Do I need any other certifications for my project?


Yes, unless the facility is owned by a public agency exempt from Federal Energy Regulatory Commission (FERC) jurisdiction under 16 USC §824(f), it must be considered a Qualifying Facility under Public Utilities Regulatory Policy Act ("PURPA").


What if CEC requirements change during my contract term?


The project must meet any current CEC eligibility requirements, which may be amended throughout the contract term.


What happens if a facility no longer meets CEC certification requirements while under contract?


If a facility is decertified after the Term Start Date and compliance under PURPA has been demonstrated, then PG&E will pay Short Run Avoided Cost ("SRAC") and payments for As-Delivered Capacity, as posted monthly pursuant to CPUC Decision 07-09-040 at the time of decertification. By accepting payment, the Seller agrees to replace the AB 1613 PPA with the "Standard Contract for Qualifying Facilities with a Power Rating that is Less than or Equal to 20 MW," which was adopted as part of the QF/CHP Settlement Agreement in D.10-12-035, for the remainder of the AB 1613 PPA term.


Must I identify a location for my project?


Yes, the location must be identified. Within 60 days of the effective date, you must also demonstrate site control, as defined in the AB 1613 PPA. If the project is a new facility, then updates on its site control status must be made before construction on the generating facility begins.


What kind of deliverability assessment do I need to be an AB 1613 seller?


Unless the seller obtains a waiver from the CPUC, sellers of AB 1613 who are interconnecting under PG&E’s "Wholesale Distribution Access Tariff" (WDAT) or the CAISO tariff must comply with requirements to provide resource adequacy. This includes obtaining full capacity delivery status under CAISO rules to receive full AB 1613 pricing.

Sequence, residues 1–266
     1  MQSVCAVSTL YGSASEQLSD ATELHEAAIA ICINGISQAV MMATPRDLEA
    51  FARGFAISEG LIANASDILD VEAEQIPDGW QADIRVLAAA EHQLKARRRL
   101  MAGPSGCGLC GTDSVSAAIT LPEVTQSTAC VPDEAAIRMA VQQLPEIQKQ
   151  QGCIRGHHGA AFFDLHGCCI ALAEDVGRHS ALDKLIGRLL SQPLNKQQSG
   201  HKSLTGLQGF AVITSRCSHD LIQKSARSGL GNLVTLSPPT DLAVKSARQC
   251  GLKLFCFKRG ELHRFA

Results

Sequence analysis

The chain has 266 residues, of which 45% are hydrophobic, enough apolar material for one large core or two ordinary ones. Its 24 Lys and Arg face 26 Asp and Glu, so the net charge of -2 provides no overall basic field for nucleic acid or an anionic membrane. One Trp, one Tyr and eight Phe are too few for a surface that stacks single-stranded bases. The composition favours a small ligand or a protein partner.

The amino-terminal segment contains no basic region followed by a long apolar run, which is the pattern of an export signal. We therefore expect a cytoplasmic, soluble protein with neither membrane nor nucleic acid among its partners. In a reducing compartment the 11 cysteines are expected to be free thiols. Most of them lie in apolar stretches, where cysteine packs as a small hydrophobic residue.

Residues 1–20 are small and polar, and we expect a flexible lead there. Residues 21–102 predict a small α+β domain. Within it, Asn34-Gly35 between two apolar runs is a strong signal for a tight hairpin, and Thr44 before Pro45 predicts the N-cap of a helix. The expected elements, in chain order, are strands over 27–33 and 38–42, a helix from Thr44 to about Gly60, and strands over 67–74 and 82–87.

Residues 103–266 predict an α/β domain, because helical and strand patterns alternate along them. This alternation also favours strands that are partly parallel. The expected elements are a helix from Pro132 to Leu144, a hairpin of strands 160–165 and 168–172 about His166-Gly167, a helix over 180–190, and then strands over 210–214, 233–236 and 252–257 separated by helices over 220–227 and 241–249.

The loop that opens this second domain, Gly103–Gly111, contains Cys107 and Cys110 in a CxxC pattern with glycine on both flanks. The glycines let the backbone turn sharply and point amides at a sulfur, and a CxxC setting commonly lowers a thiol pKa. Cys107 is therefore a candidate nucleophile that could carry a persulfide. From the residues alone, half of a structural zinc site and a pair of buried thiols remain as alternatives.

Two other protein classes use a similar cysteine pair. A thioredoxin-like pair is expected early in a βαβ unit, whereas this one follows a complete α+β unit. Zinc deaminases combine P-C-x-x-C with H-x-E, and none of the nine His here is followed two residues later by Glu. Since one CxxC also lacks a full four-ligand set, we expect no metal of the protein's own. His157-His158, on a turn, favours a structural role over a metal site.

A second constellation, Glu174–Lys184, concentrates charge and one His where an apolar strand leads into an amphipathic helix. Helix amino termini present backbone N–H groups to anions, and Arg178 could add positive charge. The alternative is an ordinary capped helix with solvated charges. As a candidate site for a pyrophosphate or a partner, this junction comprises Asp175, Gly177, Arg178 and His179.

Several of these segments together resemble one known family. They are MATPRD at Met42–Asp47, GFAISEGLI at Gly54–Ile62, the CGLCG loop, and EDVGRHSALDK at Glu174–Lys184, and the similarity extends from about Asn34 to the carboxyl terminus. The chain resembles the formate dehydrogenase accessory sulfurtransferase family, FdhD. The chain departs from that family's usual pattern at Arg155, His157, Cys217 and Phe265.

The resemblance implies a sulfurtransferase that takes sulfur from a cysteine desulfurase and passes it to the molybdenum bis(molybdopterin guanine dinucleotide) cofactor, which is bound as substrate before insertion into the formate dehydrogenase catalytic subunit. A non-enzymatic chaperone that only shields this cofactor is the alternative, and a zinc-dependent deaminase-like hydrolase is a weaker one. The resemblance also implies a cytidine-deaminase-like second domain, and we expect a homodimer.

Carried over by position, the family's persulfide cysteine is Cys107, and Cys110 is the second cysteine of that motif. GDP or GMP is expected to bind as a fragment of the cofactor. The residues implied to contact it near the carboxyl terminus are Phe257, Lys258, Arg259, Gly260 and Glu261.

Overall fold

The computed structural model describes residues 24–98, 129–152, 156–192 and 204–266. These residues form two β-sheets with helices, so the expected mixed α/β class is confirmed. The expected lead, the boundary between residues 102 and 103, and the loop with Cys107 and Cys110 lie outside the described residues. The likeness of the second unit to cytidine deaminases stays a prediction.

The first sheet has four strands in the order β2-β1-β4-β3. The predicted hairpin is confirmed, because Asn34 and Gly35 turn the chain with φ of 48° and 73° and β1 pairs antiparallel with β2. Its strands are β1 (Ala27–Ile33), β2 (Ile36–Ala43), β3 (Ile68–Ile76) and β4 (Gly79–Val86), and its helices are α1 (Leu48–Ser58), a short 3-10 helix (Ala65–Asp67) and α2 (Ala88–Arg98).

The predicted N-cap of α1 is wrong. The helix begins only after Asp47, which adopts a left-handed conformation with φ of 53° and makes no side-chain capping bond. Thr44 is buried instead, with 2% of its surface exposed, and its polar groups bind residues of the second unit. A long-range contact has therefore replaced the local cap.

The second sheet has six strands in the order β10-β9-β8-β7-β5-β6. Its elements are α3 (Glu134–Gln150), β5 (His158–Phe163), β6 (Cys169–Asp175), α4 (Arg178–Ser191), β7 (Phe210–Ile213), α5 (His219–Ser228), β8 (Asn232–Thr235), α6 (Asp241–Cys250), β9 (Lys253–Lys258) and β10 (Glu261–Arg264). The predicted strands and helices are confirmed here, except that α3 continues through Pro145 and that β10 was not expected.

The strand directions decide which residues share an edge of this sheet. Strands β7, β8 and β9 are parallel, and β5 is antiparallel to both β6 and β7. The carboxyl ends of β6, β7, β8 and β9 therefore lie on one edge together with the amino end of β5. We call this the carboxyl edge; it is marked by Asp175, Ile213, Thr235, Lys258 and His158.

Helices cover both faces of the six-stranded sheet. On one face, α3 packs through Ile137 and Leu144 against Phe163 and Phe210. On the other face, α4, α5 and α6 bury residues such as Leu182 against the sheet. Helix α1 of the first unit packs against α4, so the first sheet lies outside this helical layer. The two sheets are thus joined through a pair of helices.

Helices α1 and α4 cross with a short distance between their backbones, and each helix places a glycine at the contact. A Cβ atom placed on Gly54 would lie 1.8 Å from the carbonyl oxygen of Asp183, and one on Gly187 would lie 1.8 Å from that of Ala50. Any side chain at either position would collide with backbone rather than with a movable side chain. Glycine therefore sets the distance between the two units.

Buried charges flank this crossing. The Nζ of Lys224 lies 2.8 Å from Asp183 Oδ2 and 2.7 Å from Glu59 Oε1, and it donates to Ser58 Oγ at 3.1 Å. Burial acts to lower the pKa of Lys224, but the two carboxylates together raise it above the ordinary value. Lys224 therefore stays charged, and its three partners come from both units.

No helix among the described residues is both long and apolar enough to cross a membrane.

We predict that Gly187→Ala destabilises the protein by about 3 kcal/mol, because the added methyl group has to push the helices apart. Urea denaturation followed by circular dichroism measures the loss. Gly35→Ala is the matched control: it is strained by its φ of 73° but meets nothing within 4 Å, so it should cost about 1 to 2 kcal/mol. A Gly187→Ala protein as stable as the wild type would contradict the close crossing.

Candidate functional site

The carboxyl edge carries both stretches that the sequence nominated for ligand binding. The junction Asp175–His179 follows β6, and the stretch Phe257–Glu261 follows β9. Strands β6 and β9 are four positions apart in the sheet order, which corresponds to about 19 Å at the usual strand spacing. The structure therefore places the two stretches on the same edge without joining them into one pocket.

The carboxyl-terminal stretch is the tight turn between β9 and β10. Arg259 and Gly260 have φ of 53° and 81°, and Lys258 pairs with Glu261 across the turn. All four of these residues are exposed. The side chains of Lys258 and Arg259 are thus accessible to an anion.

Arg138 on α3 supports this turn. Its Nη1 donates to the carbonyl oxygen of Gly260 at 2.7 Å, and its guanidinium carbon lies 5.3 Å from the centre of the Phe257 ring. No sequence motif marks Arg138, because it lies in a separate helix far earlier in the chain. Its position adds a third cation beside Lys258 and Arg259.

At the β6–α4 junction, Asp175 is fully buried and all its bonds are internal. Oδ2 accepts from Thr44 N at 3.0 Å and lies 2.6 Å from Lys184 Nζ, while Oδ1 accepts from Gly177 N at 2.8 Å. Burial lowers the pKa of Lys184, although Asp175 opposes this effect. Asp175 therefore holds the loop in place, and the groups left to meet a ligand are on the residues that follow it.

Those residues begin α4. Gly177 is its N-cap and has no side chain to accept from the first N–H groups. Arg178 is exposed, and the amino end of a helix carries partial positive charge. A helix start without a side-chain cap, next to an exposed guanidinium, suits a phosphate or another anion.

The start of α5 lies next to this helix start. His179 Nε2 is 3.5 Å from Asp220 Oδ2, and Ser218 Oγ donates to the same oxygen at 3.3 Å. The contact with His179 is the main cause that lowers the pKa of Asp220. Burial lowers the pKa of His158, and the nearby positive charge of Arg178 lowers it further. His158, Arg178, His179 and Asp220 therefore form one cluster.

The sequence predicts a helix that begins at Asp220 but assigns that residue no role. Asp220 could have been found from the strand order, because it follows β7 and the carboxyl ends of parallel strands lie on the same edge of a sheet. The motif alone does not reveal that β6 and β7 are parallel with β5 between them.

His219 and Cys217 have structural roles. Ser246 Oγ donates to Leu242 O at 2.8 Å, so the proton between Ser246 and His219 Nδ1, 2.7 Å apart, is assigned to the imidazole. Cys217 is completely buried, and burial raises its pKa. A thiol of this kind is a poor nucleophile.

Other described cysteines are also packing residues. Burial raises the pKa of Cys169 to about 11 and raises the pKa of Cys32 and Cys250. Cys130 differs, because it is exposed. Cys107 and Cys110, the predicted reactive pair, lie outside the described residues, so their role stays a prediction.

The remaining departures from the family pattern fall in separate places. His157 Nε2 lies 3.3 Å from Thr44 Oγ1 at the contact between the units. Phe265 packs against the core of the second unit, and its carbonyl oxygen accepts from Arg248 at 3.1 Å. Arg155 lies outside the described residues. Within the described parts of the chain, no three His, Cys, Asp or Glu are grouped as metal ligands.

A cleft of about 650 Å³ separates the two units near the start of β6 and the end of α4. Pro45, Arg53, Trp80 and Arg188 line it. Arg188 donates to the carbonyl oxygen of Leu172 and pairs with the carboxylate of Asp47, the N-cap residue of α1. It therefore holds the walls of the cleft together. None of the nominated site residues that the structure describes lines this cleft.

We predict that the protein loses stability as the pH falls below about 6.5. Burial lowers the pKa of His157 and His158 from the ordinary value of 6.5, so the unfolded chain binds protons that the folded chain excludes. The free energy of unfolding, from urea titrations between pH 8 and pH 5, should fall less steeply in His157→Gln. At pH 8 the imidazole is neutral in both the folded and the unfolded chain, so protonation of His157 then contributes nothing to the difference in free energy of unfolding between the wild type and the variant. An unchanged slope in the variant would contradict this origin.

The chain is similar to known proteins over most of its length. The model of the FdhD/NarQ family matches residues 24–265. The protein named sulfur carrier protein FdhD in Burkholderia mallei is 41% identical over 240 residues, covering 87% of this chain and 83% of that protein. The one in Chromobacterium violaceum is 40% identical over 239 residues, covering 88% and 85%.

A project is not required to provide full deliverability if it uses a different form of interconnection. However, future CPUC decisions may require deliverability assessments.


What is the contract price if projects do not provide Resource Adequacy and they are interconnecting under the WDAT or CAISO tariff?


Generators receive the PURPA energy price and as-available capacity price.

Under the QF/CHP Settlement, how do the AB 1613 contract and the PURPA PPA (for QFs 20 MW or less) differ?


The terms and conditions vary, but the biggest differences are the PURPA eligibility requirements and the pricing terms. The PURPA PPA is available for download. Carefully review the terms and conditions on both contracts before making your decision. Please see the Electric Procurement page.


What documentation is required for a location bonus?


If you are seeking a location bonus, PG&E Energy Procurement Contract Management requires the following documentation:

  • Proof that the substation location resided in a location bonus area
  • Evidence that it was located in the location bonus area during the contract year
  • Verification that the AB 1613 generating facility was interconnected to the substation prior to commercial operation under AB 1613 PPA

More resources

Wholesale electric power procurement

PG&E purchases wholesale electric energy and capacity from generators and suppliers.